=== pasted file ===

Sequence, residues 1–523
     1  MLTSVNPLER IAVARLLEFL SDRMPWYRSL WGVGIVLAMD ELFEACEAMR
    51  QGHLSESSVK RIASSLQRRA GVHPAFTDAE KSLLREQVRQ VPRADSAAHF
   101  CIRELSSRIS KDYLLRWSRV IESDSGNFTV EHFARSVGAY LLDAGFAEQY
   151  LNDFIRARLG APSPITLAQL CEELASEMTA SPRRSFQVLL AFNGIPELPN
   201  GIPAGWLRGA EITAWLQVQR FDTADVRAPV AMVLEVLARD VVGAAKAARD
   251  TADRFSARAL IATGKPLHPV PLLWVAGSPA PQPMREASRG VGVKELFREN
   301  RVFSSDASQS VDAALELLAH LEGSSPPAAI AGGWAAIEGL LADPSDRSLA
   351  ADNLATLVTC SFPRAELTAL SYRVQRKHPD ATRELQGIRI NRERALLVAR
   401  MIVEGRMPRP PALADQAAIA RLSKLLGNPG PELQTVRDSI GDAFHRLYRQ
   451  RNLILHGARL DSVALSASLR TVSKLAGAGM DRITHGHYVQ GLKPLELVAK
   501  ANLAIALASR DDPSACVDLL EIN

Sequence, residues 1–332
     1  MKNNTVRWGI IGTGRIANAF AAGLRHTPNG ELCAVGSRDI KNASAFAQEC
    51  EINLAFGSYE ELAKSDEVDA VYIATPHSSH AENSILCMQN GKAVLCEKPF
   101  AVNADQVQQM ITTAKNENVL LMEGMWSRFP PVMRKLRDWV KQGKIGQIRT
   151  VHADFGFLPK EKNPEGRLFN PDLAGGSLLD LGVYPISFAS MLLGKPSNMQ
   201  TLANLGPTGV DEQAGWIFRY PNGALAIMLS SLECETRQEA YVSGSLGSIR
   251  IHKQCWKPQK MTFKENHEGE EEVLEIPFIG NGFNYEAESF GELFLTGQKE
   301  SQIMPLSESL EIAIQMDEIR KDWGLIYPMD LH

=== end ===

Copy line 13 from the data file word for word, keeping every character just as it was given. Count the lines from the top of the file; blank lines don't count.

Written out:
Sequence, residues 1–332